Pandemic Teamwork: Partnering with the NFL to Fight COVID-19

When the 2020 National Football League draft was interrupted by the outbreak of COVID-19, the league wanted to show its support for nonprofit organizations fighting the pandemic. Through a giving campaign called the Draft-a-Thon, NFL fans donated more than $7 million, which the league donated to six designated nonprofits, one of those was the CDC Foundation.

While half the support raised went directly to the six organizations, the other half was divided among the NFL’s 32 teams to allocate to nonprofits they wished to support. Of those teams, the San Francisco 49ers, Atlanta Falcons and Baltimore Ravens chose to donate to the CDC Foundation.

“Prior to this effort we didn’t have a history with the CDC Foundation,” said Keenan Harrell, community relations manager for the Baltimore Ravens. “But once we learned about the Foundation, naturally it was a no brainer to support them.”

Keenan Harrell, community relations manager for the Baltimore Ravens

Staff and volunteers of the Mayor's Office of Immigrant Affairs canvas Baltimore City during the 2020 census to share information with city residents about the support available during COVID-19. Photo courtesy of Catalina Rodriguez Lima.

Catalina Rodriguez Lima, founding director of the Baltimore City Mayor’s Office of Immigrant Affairs

Working together, the Ravens and the CDC Foundation channeled their donation to the Mayor’s Office of Immigrant Affairs, a Baltimore-based organization working with the city’s underserved migrant community. Comprised largely of frontline workers from the construction and service sectors, Baltimore’s Latinx community has been hard hit by the pandemic. Unfortunately, most in this community have limited savings on hand to weather a disruption of income.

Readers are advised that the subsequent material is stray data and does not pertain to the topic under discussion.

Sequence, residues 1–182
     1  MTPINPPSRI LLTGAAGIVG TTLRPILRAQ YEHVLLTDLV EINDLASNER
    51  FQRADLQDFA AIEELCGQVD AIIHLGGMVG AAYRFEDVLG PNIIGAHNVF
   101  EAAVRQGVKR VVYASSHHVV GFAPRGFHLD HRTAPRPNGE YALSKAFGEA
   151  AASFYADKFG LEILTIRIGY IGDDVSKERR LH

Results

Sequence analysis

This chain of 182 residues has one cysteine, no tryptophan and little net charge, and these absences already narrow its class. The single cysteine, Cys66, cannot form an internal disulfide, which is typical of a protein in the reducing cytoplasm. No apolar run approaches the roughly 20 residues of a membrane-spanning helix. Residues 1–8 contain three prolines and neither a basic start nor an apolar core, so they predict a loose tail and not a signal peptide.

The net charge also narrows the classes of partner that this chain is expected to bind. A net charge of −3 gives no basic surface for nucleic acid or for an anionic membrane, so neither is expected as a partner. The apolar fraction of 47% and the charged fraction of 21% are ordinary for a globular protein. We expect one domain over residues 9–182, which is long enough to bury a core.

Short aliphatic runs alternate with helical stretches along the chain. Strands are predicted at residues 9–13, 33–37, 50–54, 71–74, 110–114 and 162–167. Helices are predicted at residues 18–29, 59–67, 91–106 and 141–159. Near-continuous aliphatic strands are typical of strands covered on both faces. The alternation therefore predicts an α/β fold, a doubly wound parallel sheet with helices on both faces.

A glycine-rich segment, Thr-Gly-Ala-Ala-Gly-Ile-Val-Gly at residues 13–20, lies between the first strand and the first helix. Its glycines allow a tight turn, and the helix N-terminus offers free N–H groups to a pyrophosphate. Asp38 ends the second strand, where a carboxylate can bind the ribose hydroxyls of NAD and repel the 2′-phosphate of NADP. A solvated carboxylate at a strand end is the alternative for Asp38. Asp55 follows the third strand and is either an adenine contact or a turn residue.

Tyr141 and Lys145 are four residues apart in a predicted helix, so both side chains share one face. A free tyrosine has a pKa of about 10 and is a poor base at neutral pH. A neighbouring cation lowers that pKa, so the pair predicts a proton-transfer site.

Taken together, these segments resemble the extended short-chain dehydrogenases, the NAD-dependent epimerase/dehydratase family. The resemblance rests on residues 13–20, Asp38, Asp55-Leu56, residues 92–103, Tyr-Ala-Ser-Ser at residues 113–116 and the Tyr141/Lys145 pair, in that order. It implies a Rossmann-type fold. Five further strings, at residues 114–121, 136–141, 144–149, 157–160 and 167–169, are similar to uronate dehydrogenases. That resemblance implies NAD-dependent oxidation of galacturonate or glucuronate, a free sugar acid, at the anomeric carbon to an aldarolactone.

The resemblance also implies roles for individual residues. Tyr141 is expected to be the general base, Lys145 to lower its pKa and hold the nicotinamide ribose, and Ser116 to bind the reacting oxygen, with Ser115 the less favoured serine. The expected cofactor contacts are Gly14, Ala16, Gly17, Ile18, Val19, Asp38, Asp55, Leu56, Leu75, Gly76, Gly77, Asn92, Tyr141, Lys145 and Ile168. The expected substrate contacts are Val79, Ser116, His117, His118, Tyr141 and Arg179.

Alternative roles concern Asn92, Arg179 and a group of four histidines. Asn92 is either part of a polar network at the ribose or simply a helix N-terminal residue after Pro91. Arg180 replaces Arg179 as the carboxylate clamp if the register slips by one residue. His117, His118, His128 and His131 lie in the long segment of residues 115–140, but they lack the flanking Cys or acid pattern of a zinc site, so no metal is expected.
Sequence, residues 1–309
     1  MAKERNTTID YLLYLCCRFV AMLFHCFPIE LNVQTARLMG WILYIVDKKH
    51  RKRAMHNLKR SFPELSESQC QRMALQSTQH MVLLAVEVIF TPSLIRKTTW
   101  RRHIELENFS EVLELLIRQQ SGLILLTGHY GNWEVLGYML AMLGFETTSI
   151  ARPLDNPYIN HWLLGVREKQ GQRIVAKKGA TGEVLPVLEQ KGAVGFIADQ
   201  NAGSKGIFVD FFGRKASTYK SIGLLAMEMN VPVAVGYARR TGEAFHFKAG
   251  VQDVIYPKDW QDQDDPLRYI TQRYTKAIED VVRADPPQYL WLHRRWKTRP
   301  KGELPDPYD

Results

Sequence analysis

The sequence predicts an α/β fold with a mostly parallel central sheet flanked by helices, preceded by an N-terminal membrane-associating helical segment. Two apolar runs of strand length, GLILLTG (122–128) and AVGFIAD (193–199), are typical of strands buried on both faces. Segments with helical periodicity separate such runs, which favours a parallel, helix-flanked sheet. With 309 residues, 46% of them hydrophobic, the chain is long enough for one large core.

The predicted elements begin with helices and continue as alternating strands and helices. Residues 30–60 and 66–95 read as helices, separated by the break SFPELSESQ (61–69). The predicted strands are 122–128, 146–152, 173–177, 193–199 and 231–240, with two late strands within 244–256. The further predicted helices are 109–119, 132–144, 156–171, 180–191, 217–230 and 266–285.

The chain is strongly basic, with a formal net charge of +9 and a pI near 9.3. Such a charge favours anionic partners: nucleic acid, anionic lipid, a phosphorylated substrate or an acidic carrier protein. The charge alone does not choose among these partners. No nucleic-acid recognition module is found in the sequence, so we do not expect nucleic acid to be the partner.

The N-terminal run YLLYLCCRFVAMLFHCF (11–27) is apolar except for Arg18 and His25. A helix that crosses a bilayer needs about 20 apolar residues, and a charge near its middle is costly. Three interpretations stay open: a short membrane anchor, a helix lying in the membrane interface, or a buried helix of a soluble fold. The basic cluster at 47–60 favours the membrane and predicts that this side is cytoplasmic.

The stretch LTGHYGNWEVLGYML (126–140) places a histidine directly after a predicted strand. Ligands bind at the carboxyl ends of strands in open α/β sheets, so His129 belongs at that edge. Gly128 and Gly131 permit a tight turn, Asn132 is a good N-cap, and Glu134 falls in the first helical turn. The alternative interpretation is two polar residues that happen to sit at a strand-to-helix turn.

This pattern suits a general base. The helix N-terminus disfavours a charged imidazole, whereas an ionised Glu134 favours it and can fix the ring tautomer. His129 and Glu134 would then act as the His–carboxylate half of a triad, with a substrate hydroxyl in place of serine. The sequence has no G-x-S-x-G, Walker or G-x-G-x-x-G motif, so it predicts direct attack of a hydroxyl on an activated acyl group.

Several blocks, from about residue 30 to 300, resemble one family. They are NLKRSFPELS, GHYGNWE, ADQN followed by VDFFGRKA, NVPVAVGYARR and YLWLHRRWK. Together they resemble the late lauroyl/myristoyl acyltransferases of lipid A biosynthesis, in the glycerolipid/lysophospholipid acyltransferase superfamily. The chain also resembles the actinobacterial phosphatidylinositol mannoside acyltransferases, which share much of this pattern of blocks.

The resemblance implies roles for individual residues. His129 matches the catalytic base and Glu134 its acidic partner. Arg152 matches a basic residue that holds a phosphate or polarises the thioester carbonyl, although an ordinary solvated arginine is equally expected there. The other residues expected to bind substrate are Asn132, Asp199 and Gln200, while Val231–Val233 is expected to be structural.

“Because this virus requires you to isolate, many family members were confronted with staying home sick or going out to earn a living for their family,” said Catalina Rodriguez Lima, founding director of the Baltimore City Mayor’s Office of Immigrant Affairs. “That’s a hard decision to have to make.”

Designed as a way to allow COVID-positive migrants to safely quarantine, the project identified and enrolled recipients through a network of 17 local community-based organizations across Baltimore City. Through Phase 1 of the project, implemented between June and September 2020, impacted families received $500 and individuals $250. In Phase 2, which is ongoing, affected families are receiving $800 and individuals $400, provided through a debit card. With this support, families are then able to safely isolate and not risk spreading the virus through work.

“Preserving public health in Baltimore starts with ensuring all of our residents have access to the adequate care and support they deserve,” said Brandon Scott, Mayor of Baltimore. “As Baltimore continues to overcome the challenges of COVID-19, applying an equity approach will help certify that economic and health resources are inclusive of immigrant communities regardless of language, immigrant status or the ability to access technology.”

Mayor Brandon Scott speaks at an event in Baltimore about the city’s COVID-19 relief programs. Photo courtesy of the Mayor's office.

Having registered over 2,500 families in the first phase, the project is now targeting an additional 1,200 families with financial support, and through case managers is connecting recipients with public benefits like food services and eviction protection. That support, Rodriguez Lima says, has relieved some pressure on families, who are now often using their cash to pay for utilities and other pressing needs. For families affected by COVID-19, she says, the impact of the program has been profound.

“Though it’s not a huge amount of money, our cash assistance program has really had a stabilizing effect,” said Rodriguez Lima.

Since the Baltimore Ravens first formed in 1996, they have had a deep connection to the city, providing grants and other support to hundreds of organizations each year. With the outbreak of COVID-19, Harrell says, the team knew it had to use its reach to help those affected.

“With the start of the pandemic, we saw a tremendous opportunity to make an impact in the community,” Harrell said. “And the CDC Foundation was a segue into doing that.”



The NFL Draft-A-Thon returned in April 2021, and the CDC Foundation was honored to once again be one of the league’s designated nonprofits! Through the support received from Draft-A-Thon, we will be focusing on health inequities and the promotion of vital community conditions including safety, nutrition, housing, education and meaningful work. To learn more, visit